Alice’s lunches are normally a picnic or scrambled eggs on her days at home. She bloody loves scrambled eggs. I would love it if her picnics were filled with colour but the only colour on them most of the time is the bag of wotsits! Both girls love the Warburtons Thins with ham so can highly recommend for littles. She will then most likely have something like a few mini marshmallows from my baking cupboard, a petit filous and a couple of token grapes. The grapes will always be left. However, if I have refused her pudding as she didn’t eat her tea she will merrily munch a huge bowl of grapes. Go figure!
I have tried to be really good with dinners this year and also stronger in refusing them alternatives. This does mean dinnertime can be long and drawn out mind you. I tend to opt for hearty family meals. Lots of shepherds pie, Bolognese, Fish pie and so on. Basically anything with a bit of beige and some hidden veg. I try to get as much veg in to things as I can but they can spot it a mile off. To combat this I do buy things like vegetable pasta which they seem to love. Most supermarkets have some version now and I’ve also been cooking lots from Jamie’s Superfood Family Meals. You can find a few of my family favourites here. They also have fish fingers at least once a week, normally with potato waffles and beans. Oh, and a lot of pasta. The one exception to the rule is broccoli which Alice loves, most of the time and when she is in the mood! Their dinner will inevitably be followed by a petit filous or some sugar free jelly.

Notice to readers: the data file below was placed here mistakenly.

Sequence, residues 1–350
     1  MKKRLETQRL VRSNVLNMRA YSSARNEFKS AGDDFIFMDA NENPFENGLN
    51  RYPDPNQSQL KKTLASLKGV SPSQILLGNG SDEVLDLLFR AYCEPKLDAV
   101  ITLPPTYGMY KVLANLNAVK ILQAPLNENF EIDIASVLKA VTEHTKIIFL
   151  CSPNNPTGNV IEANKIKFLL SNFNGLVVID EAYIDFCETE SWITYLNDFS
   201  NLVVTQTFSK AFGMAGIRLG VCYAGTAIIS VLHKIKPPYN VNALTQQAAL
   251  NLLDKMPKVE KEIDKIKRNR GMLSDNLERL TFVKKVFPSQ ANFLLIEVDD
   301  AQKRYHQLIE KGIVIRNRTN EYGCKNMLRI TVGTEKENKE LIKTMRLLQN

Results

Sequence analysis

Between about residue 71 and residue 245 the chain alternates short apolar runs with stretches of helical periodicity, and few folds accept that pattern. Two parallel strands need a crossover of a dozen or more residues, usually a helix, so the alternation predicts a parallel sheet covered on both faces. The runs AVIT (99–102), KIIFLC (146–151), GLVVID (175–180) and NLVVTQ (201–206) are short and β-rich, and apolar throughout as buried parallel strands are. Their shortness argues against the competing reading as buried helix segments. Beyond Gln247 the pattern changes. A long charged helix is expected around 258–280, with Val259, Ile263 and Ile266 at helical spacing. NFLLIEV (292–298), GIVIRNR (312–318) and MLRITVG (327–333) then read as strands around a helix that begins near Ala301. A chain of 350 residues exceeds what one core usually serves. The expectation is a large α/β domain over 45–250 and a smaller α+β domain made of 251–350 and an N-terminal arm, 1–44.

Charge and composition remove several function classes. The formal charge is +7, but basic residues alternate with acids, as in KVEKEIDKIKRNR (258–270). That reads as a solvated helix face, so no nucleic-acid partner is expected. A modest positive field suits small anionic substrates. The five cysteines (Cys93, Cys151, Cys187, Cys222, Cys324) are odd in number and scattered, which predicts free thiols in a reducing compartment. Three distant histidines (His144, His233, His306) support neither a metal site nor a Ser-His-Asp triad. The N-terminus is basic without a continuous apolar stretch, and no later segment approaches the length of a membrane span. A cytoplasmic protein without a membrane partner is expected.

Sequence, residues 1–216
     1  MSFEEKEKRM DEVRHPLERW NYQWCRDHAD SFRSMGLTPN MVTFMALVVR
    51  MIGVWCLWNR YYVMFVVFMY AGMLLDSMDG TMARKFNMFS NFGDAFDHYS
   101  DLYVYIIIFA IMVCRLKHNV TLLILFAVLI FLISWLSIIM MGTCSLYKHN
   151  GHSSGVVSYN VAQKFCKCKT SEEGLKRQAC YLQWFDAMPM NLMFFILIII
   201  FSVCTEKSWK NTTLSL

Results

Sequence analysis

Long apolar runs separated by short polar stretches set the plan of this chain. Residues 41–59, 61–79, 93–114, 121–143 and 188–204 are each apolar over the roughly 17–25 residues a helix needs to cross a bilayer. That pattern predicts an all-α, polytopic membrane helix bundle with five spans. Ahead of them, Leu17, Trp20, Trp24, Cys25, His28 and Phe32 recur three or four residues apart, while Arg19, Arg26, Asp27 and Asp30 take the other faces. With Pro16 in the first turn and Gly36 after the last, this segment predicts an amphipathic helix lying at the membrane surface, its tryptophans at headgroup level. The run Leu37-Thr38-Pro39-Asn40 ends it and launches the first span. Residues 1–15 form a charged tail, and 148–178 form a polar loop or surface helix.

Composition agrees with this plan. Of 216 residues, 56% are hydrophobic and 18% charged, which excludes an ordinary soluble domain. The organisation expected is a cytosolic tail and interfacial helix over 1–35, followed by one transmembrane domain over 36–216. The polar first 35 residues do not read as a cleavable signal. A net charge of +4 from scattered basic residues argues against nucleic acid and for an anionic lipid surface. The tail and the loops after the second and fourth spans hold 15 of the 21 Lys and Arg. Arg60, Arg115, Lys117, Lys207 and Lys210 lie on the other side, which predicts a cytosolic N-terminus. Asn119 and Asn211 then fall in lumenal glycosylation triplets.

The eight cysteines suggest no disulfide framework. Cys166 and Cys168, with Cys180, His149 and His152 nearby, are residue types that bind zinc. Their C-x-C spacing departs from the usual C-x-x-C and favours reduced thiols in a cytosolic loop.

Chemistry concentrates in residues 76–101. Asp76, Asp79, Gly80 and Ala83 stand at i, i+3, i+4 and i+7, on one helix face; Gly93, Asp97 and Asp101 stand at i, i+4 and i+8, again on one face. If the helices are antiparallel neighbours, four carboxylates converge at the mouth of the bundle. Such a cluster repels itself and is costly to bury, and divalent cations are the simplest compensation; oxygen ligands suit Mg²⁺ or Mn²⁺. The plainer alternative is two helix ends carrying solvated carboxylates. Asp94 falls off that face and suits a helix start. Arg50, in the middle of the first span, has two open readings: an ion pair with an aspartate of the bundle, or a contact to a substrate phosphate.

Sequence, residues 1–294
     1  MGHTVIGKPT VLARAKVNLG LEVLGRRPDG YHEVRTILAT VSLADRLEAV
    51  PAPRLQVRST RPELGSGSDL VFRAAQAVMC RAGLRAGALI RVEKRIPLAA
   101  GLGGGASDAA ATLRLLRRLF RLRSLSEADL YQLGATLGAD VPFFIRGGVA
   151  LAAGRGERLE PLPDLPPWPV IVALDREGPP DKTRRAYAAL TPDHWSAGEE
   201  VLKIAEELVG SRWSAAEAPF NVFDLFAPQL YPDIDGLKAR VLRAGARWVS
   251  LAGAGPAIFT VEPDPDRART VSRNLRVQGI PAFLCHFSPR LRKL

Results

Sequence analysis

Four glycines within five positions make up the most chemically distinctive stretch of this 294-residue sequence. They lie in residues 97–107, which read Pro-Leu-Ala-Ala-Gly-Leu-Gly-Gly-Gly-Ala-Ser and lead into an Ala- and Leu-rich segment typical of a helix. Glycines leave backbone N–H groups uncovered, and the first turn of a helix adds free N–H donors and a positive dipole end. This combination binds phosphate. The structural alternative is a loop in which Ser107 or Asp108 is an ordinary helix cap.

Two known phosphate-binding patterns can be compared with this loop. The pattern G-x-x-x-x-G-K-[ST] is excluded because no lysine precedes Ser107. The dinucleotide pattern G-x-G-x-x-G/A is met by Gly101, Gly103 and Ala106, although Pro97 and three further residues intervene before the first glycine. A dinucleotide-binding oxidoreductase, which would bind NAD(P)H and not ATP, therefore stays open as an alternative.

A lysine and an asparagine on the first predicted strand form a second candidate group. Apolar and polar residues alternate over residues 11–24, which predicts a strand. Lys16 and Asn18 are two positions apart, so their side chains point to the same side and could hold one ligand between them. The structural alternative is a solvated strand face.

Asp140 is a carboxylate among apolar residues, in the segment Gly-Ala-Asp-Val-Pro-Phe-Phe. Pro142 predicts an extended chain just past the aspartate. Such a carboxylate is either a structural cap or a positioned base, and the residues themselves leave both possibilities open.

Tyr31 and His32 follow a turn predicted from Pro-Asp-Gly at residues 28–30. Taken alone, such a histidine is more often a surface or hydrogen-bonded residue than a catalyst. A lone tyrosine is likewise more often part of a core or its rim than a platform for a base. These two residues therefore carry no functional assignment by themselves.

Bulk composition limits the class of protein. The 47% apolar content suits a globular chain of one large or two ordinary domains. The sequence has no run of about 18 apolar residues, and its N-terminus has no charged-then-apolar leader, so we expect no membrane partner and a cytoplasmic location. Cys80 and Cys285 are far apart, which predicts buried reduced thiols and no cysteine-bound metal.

Then there are the snacks. Alice would snack all day if she could and though I try to offer healthy things I am not string enough to listen to ‘but I’m a little bit hungry’ for the millionth time until I give her the required Jammy Dodger or two. A fair few biscuits get consumed in my house, as well as oat bars and bear yo yo’s. Yes I know they are bad for them. I have tried to make my own versions but they just aren’t as successful. The girls have recently found a love of Aldi pressed fruit bars as well which are great value. I do offer fruit and sometimes they will merrily devour a whole bowl of strawberries and other times they are untouched. I have never figured out why and have given up trying now. When Alice is at pre-school she has fruit morning, afternoon and with lunch.
It’s mostly hit and miss and a whole heap of mind games where Alice is concerned. She’s started using distraction techniques and lots of ‘mummy I love you’. As Molly is getting older she at least tries things even if she doesn’t eat much of it. It’s a start.
I suppose what I’m trying to say is that most kids won’t eat the healthy stuff you give them but in time I’m sure they will. I’ve kind of come to accept that a balance is ok. That’s how I approach my own diet. They can have chocolate at the weekend (and any day a relative visits!) and a biscuit a day is fine. They eat home cooked meals and, with the exception of the fish fingers, everything is freshly made. They are both healthy, have excellent teeth and most importantly are happy. If someone tried to feed me fruit and veg all day I would probably rebel too!
So there you have it. The typical diet of my three and five year old. What do your kids really eat and if you are lucky to have them eating anything going please do share your tips and tricks.